Dr. Morgan spent 10 years as an Assistant and then Associate Professor at Washington State University, before joining the Fred Hutchinson Cancer Research Center in 2005. At the Hutch, Dr. Morgan worked on the Bioconductor project for the analysis and comprehension of high-throughput genomic data; he has led Bioconductor since 2008. Dr. Morgan recently moved to Roswell Park Comprehensive Cancer Center in Buffalo, NY, where the Bioconductor project is now based.
Dr. Qianqian Zhu joined the faculty of Roswell Park in April of 2012 as Assistant Professor of Oncology. She has an interdisciplinary training in biostatistics, bioinformatics, and human genetics, and has accumulated extensive collaboration experience with biologists and clinicians in genetic epidemiology studies utilizing approaches of GWAS and NGS.
Dr. Zhu completed her postdoctoral training in statistical genetics at Center for Human Genetic Variation at Duke University from 2010 to 2012. Prior to that, she received her PhD education in Bioinformatics and MA education in Biostatistics from the University at Buffalo (UB). She has authored a number of publications in premier journals, including American Journal of Human Genetics, Genome Biology, and Bioinformatics. Dr. Zhu’s primary research interest is in developing statistically sound and computationally efficient methods to pinpoint the causal genetic variants of human diseases utilizing high-throughput genetics and genomics data.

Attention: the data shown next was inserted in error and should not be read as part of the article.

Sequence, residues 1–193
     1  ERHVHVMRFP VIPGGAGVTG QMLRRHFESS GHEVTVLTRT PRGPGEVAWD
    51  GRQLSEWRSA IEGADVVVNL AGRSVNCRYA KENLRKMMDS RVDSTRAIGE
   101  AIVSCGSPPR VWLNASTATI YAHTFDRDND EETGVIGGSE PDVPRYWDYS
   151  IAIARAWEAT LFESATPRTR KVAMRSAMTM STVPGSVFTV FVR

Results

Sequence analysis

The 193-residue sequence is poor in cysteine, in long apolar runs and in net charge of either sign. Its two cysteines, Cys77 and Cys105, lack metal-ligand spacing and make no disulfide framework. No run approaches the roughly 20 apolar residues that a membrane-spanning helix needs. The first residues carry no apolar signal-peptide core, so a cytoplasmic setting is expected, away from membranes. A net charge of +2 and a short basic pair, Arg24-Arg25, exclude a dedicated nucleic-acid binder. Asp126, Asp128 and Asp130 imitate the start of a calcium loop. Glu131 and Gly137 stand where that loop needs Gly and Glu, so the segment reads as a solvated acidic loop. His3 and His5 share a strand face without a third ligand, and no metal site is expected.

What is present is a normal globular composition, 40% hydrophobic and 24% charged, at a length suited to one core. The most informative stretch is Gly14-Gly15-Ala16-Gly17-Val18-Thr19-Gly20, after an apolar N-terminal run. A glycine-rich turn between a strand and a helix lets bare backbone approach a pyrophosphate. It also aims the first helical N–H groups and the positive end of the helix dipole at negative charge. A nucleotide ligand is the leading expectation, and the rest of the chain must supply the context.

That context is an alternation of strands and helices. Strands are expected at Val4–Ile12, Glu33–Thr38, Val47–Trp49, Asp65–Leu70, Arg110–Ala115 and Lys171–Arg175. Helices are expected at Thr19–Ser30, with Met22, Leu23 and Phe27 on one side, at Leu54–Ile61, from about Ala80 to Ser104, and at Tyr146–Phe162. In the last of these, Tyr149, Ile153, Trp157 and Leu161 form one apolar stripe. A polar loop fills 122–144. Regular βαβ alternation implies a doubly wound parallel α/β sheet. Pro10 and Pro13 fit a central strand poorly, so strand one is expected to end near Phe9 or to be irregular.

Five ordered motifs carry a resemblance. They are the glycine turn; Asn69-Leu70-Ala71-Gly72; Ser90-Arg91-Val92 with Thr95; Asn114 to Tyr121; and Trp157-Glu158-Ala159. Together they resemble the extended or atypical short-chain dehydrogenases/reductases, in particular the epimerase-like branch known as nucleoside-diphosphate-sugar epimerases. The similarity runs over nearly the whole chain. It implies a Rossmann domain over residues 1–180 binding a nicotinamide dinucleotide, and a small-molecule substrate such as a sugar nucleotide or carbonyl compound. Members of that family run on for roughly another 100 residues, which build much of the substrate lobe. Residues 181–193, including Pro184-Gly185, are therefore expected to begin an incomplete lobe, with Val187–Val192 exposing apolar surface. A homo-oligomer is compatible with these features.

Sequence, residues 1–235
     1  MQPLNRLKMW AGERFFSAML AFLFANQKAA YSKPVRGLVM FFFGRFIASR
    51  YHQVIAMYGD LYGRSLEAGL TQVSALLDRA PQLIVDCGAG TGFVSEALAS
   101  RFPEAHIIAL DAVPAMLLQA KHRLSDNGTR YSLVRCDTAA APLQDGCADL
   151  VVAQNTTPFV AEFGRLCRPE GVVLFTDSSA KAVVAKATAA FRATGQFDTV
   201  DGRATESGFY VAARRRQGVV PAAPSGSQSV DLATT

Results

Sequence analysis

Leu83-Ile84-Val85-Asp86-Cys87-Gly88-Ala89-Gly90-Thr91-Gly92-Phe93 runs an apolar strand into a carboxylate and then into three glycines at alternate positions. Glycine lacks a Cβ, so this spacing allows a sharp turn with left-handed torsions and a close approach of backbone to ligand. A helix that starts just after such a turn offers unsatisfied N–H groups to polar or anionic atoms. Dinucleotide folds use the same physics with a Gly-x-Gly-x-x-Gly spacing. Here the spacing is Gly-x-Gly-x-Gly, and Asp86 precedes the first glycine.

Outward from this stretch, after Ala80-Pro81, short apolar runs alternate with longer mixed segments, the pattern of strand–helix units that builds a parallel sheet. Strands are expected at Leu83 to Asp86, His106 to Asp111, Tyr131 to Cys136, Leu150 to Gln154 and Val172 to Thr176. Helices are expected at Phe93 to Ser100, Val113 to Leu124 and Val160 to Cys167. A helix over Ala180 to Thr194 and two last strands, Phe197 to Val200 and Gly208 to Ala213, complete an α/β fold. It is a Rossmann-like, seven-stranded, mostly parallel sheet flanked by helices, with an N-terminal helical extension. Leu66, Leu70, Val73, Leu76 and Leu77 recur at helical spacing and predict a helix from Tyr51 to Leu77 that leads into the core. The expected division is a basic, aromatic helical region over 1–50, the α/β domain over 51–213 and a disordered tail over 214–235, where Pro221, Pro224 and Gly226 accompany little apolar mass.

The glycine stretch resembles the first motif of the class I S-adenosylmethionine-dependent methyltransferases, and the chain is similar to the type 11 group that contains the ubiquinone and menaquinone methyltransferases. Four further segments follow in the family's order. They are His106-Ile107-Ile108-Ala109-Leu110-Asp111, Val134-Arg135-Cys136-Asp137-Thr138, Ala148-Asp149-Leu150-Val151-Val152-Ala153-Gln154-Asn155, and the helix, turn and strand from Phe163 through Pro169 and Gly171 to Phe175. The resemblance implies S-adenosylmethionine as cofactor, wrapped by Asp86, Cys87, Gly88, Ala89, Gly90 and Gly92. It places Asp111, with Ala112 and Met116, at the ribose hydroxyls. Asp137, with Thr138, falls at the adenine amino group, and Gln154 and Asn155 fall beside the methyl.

Her areas of expertise include: 1) computational method development for causal genetic variant identification; 2) statistical and bioinformatics analysis of genome, epigenome, and transcriptome data; and 3) pharmacogenomics, genetic testing, and personalized medicine. She has conducted a number of cutting-edge studies in dissecting genetic contributors to complex human traits.
Dr. Li Yan joined the staff of Roswell Park in 2011. He completed his PhD in Physics at the University of Rochester and PhD in Biostatistics at the University at Buffalo. Dr. Yan has more than 12 years of experience in both academic and non-profit research foundation environments, collaborating with clinical and other scientific colleagues on a wide range of activities including study design, analysis plans, project reports, abstracts, manuscripts, and presentations.